3. Cho’Gath – The Terror of the Void

Cho’Gath - The Terror of the Void

The “Unkillable Health Monster”, Cho’Gath is a tank that plays top-lane. Cho’Gath is a late-game hyper-carry with a decent early to mid-game. His primary power source is his tankiness, which he builds over time by stacking health.

Cho’Gath’s ultimate allows him to eat enemy champions, minions, and monsters while dealing true damage. Once he eats these enemies, he gains permanent max health while growing in size and getting bigger.

Cho’Gath’s only enemies are ranged top-laners such as Vayne, Quinn, etc. But there really isn’t much that can be done about ranged top-laners. Just pray that your team is good enough to get you to the late-game.

Cho’Gath can attain these stacks indefinitely from champions. However, non-champions stacks are only limited to 6.

Note: Cho’Gath’s ultimate only allows him to stack if it is used as a lethal blow.

 2. Nasus – The Curator of the Sands

Nasus - The Curator of the Sands

The chosen one that ascended, Nasus is mainly played as an AD champion in top-lane. Nasus’s “Stacking Power” comes from his “Q”. His “Q” is an enhanced auto-attack that deals physical damage. If it executes a champion or minion, permanent damage is added to his “Q”.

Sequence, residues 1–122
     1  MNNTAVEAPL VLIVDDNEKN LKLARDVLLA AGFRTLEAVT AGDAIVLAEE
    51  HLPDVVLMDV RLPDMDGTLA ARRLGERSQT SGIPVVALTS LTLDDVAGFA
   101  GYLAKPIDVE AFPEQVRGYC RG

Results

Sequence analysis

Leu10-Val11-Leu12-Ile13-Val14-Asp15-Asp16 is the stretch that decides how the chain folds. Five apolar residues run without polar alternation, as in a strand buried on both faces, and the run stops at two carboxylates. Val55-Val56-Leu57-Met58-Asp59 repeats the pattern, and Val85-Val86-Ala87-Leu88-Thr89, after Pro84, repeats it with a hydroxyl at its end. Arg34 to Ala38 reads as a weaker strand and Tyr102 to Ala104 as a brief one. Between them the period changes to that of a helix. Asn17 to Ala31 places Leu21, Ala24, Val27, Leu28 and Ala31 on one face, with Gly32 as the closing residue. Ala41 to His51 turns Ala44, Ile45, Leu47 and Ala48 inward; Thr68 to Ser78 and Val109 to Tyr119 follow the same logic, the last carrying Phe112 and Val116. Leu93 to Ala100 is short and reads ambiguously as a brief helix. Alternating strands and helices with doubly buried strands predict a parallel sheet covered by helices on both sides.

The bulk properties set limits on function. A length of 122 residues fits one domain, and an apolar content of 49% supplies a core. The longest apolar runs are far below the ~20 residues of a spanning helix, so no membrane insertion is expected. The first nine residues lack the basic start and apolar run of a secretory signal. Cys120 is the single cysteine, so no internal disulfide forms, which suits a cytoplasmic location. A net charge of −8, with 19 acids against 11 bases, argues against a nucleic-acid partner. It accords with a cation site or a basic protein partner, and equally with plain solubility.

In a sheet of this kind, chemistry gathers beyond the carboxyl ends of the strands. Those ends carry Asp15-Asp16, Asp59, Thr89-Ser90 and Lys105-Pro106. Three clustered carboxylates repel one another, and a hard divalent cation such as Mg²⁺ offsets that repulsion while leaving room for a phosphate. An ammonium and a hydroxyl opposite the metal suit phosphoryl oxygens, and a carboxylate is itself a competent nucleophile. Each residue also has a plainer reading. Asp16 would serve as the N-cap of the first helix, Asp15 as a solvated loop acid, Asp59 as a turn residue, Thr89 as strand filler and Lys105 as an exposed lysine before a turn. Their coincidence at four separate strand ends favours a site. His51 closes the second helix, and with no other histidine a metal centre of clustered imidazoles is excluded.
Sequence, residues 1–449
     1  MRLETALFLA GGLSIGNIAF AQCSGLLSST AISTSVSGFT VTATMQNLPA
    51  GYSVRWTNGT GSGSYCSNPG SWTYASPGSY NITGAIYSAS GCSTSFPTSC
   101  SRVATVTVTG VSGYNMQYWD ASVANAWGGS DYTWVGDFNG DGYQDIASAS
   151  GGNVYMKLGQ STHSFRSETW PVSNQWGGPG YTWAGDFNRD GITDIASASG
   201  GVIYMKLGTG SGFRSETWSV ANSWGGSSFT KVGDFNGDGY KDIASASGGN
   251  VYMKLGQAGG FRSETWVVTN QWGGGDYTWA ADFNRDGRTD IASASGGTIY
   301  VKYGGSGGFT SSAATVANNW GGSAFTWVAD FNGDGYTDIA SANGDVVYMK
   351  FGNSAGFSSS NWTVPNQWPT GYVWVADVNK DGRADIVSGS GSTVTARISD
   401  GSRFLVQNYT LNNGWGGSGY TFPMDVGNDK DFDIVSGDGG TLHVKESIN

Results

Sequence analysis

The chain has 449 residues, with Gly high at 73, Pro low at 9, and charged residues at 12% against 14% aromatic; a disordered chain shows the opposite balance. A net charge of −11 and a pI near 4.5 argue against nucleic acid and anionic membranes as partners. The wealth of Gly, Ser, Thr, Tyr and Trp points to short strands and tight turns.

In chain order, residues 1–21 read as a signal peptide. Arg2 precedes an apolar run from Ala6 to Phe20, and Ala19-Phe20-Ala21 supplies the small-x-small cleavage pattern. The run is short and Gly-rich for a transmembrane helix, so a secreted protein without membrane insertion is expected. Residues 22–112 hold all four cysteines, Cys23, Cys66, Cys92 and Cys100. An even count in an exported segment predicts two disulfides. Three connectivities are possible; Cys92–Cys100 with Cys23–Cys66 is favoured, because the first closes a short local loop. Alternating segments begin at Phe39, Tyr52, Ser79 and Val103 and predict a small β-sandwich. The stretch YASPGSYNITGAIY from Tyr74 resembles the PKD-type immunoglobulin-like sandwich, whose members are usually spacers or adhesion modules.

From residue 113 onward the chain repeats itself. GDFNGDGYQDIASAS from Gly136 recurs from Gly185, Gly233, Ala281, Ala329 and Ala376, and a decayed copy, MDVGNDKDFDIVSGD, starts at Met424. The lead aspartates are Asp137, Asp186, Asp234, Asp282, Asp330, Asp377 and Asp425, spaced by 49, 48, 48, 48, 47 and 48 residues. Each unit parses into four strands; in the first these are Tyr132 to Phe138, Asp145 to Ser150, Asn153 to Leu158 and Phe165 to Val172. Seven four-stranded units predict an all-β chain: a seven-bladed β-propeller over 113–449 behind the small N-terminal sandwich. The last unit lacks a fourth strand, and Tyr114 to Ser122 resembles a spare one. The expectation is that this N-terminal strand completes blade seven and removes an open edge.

His “Q” stacks indefinitely and can be used to take over in the late-game even if you fall behind during the laning phase. He is a pretty basic champion, quite easy to play and master. After level 6, you can run down most champions and kill them. However, you need to play safe and avoid fights before that.

Remember to take ghost on Nasus because enemies tend to run away from you rather than fight you. Ghost really helps in chasing mobile champions or even ranged champions that can kite you.

Nasus is also one of those champions that are countered by Vayne, but in all honesty, who isn’t countered by Vayne?

1. Veigar – The Tiny Master of Evil

Veigar - The Tiny Master of Evil

One of the oldest champions in League of Legends, Veigar was released in 2009. He has since been quite a popular pick among mid-laners. Veigar’s strength comes from the fact that he is an “infinite scaler”.

Veigar’s passive allows him to stack  ability power depending on the number of minions or monsters killed with his “Q”. He can also stack AP by hitting enemy champions with his other abilities or scoring takedowns.

He can stack his ability power indefinitely, and it’s not that odd to see a 1000 AP Veigar in the late game that can one-shot everyone. His only weakness is his mobility, or lack thereof. That is why you need to make sure to use your “E” for emergencies only because you’re quite vulnerable without it.


Whether you like them or not, it’s clear that these “infinite scalers” bring a lot to League in general. If you think we’ve missed any important detail about them, then comment below and provide us with your feedback.

Also check out: LoL In-Game Settings